For these reasons, Police in the US focus on the prevention of sex trafficking of U.S. female minor victims, whom they perceive to be the most vulnerable, publicly supported victims. We know from the Farrell case that human trafficking can seamlessly occur outside of the sex-slavery paradigm, however more often than not it seems that cases like these are falling through the cracks of our justice system. Human trafficking does not discriminate against gender, age or culture, it impacts girls, boys, men and women alike. The double standard of US law enforcement efforts to address the sexual slavery of US female minors, while remaining legally blind to other forms of modern slavery that exist is a true failing of the justice system.
Though the institutional weaknesses of law enforcement and lack of public awareness for human trafficking are grim, greater understanding of the problem among ordinary people like you and I will lead to increased reporting of the crime. If we acknowledge that human trafficking is happening in our communities and educate ourselves on its many variations, this will inevitably lead to a world where more perpetrators are held legally accountable for their actions.
The European Union have provided development and trading partnerships with nations from every corner of the globe. In doing so, the EU promotes democracy and human rights by attaching social provisions and human rights conditions to their agreements. For example, EU development partnerships in the Indo-Pacific or Central Africa will be subject to clauses regarding the internal affairs of a country.
Comparatively, China’s programs and partnerships do not bind political clauses to agreements. China promotes norms of ‘unconditionally’ and ‘win-win’ economic outcomes and will turn a blind eye to the internal affairs of the countries it partners with. This approach allows China to be increasingly viewed as the development partner of choice as they are willing to meet the immediate economic needs of states.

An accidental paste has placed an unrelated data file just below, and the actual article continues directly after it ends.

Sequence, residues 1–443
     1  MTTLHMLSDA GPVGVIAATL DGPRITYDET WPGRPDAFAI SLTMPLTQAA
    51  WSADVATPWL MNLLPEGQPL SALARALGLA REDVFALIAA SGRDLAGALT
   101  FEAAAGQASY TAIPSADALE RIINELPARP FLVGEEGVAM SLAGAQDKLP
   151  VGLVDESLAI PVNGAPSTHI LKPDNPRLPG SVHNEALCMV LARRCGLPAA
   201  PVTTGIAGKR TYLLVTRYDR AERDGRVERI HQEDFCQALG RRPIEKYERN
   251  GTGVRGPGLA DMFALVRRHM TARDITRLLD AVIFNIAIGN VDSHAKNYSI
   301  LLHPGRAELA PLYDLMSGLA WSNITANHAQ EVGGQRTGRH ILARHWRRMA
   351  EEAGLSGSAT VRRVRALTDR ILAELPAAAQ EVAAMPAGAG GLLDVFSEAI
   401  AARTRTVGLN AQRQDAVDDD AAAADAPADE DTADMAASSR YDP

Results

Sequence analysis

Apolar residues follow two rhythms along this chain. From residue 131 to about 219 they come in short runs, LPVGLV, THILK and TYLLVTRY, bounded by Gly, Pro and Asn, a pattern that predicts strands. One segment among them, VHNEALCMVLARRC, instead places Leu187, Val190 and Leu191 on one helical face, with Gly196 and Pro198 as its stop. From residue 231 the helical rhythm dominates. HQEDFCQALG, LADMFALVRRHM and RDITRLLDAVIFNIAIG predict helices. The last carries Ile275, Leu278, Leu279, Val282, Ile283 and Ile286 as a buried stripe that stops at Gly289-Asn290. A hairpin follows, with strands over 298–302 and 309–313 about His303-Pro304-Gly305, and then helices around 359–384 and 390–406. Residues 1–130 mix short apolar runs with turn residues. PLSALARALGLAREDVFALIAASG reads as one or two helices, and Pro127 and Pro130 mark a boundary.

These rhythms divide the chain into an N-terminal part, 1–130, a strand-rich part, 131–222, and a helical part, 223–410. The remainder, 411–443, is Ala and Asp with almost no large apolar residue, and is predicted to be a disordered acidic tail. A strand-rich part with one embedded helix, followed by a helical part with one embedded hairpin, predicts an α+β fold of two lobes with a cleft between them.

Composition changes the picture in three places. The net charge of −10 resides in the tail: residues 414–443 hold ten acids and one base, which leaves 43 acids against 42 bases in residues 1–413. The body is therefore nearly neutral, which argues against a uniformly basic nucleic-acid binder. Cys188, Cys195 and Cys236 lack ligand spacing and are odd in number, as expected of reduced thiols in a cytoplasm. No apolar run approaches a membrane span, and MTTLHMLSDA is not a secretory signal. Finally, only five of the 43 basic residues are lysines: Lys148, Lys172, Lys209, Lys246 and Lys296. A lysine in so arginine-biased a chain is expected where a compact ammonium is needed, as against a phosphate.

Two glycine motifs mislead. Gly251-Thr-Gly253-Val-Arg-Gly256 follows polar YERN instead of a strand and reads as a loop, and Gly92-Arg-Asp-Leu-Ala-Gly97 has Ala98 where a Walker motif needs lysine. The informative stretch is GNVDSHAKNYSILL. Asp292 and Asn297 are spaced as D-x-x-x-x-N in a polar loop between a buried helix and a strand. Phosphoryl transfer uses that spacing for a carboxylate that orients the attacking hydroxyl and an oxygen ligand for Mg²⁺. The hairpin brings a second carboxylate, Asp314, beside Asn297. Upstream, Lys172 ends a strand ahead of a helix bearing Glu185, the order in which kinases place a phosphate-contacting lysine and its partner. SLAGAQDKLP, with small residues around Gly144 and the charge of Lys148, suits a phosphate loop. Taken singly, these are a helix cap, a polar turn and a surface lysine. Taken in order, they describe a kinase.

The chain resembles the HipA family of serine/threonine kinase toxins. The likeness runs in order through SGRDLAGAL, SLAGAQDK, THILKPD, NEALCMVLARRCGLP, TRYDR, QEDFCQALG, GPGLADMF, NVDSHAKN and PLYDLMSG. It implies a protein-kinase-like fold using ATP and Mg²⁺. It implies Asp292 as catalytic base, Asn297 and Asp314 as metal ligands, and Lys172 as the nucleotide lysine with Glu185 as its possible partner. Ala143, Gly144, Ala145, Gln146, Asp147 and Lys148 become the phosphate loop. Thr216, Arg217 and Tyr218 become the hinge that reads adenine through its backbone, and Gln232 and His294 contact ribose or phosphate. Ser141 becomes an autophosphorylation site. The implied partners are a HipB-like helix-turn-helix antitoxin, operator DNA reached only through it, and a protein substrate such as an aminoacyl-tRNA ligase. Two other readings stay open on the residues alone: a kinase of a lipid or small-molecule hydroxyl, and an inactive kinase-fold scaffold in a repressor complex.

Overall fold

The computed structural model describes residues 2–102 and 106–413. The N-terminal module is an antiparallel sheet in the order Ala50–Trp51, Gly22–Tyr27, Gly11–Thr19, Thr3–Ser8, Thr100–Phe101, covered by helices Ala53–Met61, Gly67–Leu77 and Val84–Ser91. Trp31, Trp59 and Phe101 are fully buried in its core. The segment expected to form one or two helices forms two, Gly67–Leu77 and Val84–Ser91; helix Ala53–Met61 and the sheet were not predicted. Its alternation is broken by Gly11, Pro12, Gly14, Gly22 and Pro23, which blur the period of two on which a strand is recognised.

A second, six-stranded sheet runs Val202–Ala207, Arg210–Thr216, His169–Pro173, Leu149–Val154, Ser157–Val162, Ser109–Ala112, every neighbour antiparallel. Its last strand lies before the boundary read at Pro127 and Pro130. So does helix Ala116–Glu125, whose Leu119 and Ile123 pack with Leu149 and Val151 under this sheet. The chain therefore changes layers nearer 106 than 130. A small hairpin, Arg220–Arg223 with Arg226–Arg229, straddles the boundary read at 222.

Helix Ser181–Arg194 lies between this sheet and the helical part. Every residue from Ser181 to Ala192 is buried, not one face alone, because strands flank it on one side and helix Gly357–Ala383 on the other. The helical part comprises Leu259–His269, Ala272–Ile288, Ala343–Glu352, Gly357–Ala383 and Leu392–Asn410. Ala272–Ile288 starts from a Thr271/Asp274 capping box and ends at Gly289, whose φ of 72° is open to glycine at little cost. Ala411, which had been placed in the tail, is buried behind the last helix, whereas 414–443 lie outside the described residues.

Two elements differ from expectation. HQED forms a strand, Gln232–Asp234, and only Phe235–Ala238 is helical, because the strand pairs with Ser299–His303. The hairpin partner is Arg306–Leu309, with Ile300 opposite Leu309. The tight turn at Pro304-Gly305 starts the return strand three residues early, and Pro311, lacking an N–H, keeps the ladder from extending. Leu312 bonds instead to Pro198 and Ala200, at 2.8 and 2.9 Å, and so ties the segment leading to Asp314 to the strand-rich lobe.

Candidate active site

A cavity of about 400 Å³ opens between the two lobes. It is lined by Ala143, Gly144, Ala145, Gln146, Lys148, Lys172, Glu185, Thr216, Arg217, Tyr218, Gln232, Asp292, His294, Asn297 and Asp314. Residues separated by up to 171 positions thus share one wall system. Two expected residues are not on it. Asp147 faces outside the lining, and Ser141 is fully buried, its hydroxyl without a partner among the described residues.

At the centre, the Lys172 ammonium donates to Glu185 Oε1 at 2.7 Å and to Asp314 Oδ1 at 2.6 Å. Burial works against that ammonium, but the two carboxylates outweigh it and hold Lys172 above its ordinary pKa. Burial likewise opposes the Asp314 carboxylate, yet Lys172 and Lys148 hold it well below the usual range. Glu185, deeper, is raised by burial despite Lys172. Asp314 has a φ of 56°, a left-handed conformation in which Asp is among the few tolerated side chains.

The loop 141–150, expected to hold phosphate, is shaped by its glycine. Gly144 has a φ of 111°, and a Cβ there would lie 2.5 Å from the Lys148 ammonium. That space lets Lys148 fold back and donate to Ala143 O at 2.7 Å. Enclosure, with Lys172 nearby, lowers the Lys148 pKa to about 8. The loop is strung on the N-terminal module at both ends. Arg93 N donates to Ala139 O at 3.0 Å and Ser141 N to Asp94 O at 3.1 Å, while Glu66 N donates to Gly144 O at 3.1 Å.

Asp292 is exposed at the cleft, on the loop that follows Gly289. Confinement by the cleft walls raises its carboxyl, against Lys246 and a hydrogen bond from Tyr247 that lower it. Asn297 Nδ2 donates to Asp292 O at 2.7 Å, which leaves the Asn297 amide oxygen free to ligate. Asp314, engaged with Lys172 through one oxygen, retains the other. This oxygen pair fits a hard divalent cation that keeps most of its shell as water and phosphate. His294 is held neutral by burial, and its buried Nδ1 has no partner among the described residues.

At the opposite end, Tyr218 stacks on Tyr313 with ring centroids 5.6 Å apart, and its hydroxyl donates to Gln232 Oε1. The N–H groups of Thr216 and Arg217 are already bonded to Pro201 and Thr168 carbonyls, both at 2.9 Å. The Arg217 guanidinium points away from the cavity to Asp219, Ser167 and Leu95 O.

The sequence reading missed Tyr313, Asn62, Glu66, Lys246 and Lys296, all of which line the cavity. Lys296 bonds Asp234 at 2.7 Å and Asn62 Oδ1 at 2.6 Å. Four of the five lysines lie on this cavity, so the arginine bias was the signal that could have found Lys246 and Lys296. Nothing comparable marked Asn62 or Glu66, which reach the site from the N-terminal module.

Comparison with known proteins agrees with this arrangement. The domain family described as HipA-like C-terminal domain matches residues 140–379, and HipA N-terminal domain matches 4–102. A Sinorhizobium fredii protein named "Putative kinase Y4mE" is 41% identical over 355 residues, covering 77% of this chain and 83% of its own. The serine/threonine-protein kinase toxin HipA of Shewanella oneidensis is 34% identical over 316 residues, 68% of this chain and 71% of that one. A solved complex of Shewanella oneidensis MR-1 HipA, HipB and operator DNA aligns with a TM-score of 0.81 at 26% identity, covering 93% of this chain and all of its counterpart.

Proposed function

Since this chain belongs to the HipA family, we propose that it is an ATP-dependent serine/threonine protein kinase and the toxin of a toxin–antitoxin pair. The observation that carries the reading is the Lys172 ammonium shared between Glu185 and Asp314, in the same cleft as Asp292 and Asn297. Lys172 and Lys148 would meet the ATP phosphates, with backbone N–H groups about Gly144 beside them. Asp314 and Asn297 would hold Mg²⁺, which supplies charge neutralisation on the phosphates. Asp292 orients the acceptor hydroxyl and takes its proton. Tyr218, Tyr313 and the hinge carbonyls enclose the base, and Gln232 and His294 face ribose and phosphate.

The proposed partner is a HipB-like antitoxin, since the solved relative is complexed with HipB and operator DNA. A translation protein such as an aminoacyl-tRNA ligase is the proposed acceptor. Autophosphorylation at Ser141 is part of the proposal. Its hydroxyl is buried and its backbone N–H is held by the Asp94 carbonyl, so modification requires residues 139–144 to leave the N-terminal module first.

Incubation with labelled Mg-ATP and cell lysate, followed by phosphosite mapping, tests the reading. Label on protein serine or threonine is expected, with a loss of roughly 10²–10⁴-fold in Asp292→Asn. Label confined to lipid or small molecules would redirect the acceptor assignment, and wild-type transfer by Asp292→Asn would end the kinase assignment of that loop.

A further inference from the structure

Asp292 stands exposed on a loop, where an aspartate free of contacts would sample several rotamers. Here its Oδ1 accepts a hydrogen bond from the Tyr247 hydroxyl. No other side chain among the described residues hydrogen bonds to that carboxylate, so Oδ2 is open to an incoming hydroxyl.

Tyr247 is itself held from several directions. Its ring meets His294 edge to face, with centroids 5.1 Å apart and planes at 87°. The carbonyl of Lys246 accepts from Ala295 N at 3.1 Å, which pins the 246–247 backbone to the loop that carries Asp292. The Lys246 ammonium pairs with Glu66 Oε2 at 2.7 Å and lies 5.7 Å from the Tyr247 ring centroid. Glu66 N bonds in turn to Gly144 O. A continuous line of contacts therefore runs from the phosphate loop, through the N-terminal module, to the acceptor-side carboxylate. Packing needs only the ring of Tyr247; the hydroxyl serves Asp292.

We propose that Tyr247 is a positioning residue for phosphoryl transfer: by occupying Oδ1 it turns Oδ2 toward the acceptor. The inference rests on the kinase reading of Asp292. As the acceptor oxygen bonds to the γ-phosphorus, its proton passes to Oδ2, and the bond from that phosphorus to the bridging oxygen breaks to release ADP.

The Global Financial Crisis of 2007-2008 further elevated the status of China’s economic model. Responding to the crisis, China unleashed substantial stimulus packages through the state-controlled financial sector and aided regional neighbours. China’s trade surpluses and currency manipulation have also led it to accumulate the world’s largest foreign currency reserves, thus becoming a central part of the international political economy. China’s performance, when juxtaposed with Europe’s response which was largely confined to bailing out poorly regulated banks, positions China strongly to extend its normative power throughout the developing world.
The European Union’s strict criterion for its membership and programs rests on principles of democracy and the rule of law. While developing countries have traditionally been willing to make concessions in their internal affairs in return for economic benefit, China is providing ‘no strings attached’ partnerships and an economic model that outperforms that of the EU. Therefore, the EU’s normative influence to promote democracy throughout the world is waning significantly.
To maintain a normative presence which continues to push developing nations closer towards democracy and the recognition of human rights, the EU must do more to acknowledge the role of China by allowing reform in areas of traditional EU development initiatives. Greater flexibility and inclusion in EU programs will enable a balance to be struck between economic and social development. This will also reduce the appeal of China’s development program which often leaves countries devastated by national debt and forced to maintain deferential stances towards the grand strategy of the CCP.
The “East Asian Miracle” was the title of a 1993 World Bank report which attributed the rapid economic growth and development of Asian countries post-World War II to the success of neoliberalism. While the neo-liberal theory of development is widely held in the West, the developmental state theory poses a challenge to the Anglo-American analysis, providing an alternate explanation for the rise of economies within East Asian following World War II.